Faith and Fiction in Children’s Literature by Dixie Phillips (Guest post & Giveaway)

Today’s guest blogger is Dixie Phillips. She is on a virtual book tour with Pump Up Your Book Promotion to discuss one of her newest releases, One Noble JourneyMake sure you read to the end of this post to find out how you can win a copy of One Noble Journey.

My husband and I have been in fulltime ministry for nearly thirty years. We have discovered even on the best days – life can be difficult. Parents are weary of hearing bad news and long to escape the pressures from the daily grind. They fear for their children’s future and crave an infusion of hope. An inspirational book has the power to transform the mundane into paradise and become an important building block in their child’s faith.

In 1988, our church started a Christian school. As we began training the students, we understood in order for them to experience optimal spiritual health they needed appetizing “soul food.” Force feedings were never beneficial. We realized rigid rules without a healthy relationship would breed rebellion in a child. They needed to laugh often and be loved unconditionally. Blending faith and fiction in children’s literature is another way we can pass our beliefs along to our children. The characters of a story can be chiseled on the heart and conscience of a child; shaping their small souls and causing them to embrace timeless truths from God’s Word.

Every day children are bombarded with conflicting messages and destructive images. Parents cannot afford to be silent, but must be proactive and provide positive character-building literature, which will nourish the child’s spirit and help replenish relationships, encourage significant conversation, and foster a vibrant faith in the heart of the child.   

I believe the seeds of influence from my children’s books – Angel Eyes, Stubby’s Destiny, One Noble Journey, Baby Jesus is Missing, and the children’s books I write in the future, will live longer than I do, produce a harvest of wisdom and help ignite a blazing faith in the hearts of children, which will change a generation and time my eyes may never see. 

Dixie Phillips began writing seasonal plays for children in 1987. These delightful programs have been published by Abingdon Press, Standard Publishing, Eldridge Publishing, Evangelizing Today’s Child and Gospel Publishing House. One of Dixie’s children’s books, Stubby’s Destiny, was awarded the 2008 Best Children’s Animal Story by Books and Authors. Guardian Angel Publishing has released Angel Eyes, One Noble Journey and Baby Jesus is Missing. Cinderfella and the Furry Godmother and Stilts the Stork will be released in 2010.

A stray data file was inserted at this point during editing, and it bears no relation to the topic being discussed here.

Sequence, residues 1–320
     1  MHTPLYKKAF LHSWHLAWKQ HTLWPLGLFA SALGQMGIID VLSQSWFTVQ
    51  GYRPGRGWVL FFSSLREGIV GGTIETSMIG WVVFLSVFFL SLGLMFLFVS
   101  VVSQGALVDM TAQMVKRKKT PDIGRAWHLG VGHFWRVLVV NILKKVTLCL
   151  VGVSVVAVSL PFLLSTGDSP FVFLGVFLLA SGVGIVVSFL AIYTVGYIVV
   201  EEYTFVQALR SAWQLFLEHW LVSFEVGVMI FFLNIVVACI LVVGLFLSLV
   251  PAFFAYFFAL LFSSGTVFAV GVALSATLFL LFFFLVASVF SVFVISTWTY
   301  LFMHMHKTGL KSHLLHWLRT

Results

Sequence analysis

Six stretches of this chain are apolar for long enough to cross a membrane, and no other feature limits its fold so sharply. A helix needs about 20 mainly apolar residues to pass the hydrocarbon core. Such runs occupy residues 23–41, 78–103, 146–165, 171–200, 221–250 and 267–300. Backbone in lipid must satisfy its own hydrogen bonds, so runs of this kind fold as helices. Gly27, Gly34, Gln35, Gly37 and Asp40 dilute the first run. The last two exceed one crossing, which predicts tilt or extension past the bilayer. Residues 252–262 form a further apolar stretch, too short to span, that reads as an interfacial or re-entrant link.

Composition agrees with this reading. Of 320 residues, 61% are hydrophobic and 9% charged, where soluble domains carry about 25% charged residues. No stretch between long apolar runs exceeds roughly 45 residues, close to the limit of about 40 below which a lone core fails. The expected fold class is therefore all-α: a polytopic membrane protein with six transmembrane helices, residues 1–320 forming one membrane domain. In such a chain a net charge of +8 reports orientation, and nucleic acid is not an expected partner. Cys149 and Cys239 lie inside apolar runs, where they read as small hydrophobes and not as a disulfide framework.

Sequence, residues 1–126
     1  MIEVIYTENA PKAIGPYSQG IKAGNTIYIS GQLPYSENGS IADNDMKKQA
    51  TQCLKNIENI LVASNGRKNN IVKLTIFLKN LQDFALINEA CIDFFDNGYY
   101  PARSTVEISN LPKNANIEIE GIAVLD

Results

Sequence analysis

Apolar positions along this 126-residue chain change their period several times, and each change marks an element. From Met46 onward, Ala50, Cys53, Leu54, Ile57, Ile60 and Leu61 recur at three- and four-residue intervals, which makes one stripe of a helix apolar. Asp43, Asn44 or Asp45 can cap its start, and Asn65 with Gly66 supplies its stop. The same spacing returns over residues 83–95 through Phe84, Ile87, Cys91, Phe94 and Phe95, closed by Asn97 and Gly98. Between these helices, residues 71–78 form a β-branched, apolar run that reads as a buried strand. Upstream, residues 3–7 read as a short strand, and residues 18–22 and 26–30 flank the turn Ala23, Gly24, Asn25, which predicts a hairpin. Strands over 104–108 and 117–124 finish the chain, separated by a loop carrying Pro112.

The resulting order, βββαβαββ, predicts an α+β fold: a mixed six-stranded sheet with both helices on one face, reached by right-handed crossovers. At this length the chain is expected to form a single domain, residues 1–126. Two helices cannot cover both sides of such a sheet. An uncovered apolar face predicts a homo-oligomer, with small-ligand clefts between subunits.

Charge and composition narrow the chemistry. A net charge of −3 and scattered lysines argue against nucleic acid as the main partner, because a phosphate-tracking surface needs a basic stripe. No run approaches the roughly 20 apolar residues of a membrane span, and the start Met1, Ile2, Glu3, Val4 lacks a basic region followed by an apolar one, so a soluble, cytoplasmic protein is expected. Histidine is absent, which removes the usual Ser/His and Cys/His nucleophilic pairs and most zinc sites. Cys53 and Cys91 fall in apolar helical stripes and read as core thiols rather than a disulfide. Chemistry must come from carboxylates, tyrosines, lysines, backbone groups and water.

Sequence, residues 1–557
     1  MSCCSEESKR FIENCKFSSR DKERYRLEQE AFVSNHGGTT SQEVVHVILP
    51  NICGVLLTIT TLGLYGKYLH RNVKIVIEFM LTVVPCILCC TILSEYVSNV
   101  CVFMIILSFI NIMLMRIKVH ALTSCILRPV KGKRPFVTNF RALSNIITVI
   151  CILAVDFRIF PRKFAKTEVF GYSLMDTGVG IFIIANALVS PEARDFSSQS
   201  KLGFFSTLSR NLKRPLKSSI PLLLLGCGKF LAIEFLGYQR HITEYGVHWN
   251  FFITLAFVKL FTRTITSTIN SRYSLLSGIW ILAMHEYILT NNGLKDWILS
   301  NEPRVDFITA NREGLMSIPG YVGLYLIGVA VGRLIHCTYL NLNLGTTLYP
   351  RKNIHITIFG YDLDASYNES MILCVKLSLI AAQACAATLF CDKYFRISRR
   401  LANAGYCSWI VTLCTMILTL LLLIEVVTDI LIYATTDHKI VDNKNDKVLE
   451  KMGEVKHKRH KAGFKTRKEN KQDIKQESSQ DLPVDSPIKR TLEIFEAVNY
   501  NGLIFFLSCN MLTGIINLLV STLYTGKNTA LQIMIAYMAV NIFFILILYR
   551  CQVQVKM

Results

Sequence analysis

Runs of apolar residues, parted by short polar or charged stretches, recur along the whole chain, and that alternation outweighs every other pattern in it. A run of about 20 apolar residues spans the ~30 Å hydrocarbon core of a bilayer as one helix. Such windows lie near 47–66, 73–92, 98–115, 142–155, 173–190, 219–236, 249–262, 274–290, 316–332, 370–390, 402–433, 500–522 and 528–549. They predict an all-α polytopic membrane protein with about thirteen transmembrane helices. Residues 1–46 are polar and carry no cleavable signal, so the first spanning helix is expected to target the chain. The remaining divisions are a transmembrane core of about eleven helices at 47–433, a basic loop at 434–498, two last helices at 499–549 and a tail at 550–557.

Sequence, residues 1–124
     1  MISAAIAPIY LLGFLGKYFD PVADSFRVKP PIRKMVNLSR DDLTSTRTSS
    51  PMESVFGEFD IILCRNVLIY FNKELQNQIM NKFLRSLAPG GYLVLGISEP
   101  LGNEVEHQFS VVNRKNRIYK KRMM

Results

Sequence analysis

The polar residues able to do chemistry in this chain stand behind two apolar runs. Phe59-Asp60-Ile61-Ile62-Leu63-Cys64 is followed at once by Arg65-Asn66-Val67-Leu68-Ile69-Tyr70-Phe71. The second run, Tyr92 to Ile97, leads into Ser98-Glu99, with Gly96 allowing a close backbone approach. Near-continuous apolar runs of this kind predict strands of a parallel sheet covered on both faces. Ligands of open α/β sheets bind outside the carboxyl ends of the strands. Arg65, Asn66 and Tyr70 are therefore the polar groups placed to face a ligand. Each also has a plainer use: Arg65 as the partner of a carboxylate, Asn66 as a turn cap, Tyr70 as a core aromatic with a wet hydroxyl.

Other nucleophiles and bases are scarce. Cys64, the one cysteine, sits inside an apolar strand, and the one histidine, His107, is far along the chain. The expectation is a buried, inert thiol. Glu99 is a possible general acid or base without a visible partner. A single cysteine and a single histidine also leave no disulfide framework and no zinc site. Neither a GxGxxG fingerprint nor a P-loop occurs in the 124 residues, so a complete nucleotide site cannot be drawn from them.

Dixie also has a passion for writing God’s truths for adults. She has contributed to an award-winning devotional book and has ghostwritten books on marriage, health, poetry and personal testimonies. She is currently a topical curriculum writer for Randall House. Dixie is a pastor’s wife of more than 30 years. She and her husband, Paul, have four grown children and have served the Gospel Lighthouse Church in Floyd, Iowa, for 28 years.

You can learn more about Dixie’s books and the Phillips’ ministry by visiting

To see where Dixie stops next on her virtual book tour, visit every weekday in December between now and December 16th.



1) Comment here with your working email address so that we can contact you if you win.

2) Get one additional entry for blogging about this contest. Leave a comment here telling us where you blogged about it.

3) Get two additional entries for tweeting about this contest. Don’t forget to let us know here that you tweeted!

This giveaway will run from today until 11:59 p.m. (Eastern) on December 31st. A winner will be announced in early January.

This contest is open to residents of the United States and Canada only.

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7 thoughts on “Faith and Fiction in Children’s Literature by Dixie Phillips (Guest post & Giveaway)

  1. With all of the bad news, arguments and general negative actions happening around us every day, I reckon anything that can bring some positivity to the world is a good thing. 🙂

  2. Parents’ increasing reliance on schools and other social ‘organizations’ to raise their children leave them out of the loop. I think it vital that parents be proactive – know and inquire, challenge and inspire – their children to question, to seek knowledge. Books by their very nature are proactive. A child forms words from letters; matches letters to images either drawn or imagined. And don’t think that kids just want to push buttons and be fed computer-generated images.

    There’s a holiday tree our building runs at the day job. A couple years ago I was reading the little cards requesting gifts. Among the plethora of requests for ipods and toys and games was one from “Boy, Age 10, Books about animals.” I grabbed the little card and polled teachers, friends, to find books to fill his heartfelt desire, wrapped them with a card wishing him joy in his adventures.

    Kids want to learn, explore, and reading allows them the opportunity to create their own adventures. “Boy, Age 10” may be the next Jacques Cousteau, or a teacher, or a writer, or … pick an adventure.

    Thanks for being one of the guides to adventure for kids.

    Write On!

  3. Beautifully expressed, Dixie. I agree whole-heartedly. Books that inspire stay with us for years while rules that are forced upon us fade away quickly. Can’t wait to read your books!

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